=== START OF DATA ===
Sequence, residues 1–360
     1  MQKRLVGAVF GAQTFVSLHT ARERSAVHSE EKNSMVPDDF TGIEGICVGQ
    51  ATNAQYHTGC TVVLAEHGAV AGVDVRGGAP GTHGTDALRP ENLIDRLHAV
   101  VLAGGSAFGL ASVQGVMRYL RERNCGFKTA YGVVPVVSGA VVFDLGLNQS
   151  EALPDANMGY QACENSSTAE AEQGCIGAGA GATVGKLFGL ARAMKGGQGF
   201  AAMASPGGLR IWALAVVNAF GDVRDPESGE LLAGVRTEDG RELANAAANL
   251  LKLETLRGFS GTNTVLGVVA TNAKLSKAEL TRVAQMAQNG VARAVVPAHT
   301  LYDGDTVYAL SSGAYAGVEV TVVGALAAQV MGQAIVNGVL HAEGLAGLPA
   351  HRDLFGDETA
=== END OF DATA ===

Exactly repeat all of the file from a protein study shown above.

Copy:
Sequence, residues 1–360
     1  MQKRLVGAVF GAQTFVSLHT ARERSAVHSE EKNSMVPDDF TGIEGICVGQ
    51  ATNAQYHTGC TVVLAEHGAV AGVDVRGGAP GTHGTDALRP ENLIDRLHAV
   101  VLAGGSAFGL ASVQGVMRYL RERNCGFKTA YGVVPVVSGA VVFDLGLNQS
   151  EALPDANMGY QACENSSTAE AEQGCIGAGA GATVGKLFGL ARAMKGGQGF
   201  AAMASPGGLR IWALAVVNAF GDVRDPESGE LLAGVRTEDG RELANAAANL
   251  LKLETLRGFS GTNTVLGVVA TNAKLSKAEL TRVAQMAQNG VARAVVPAHT
   301  LYDGDTVYAL SSGAYAGVEV TVVGALAAQV MGQAIVNGVL HAEGLAGLPA
   351  HRDLFGDETA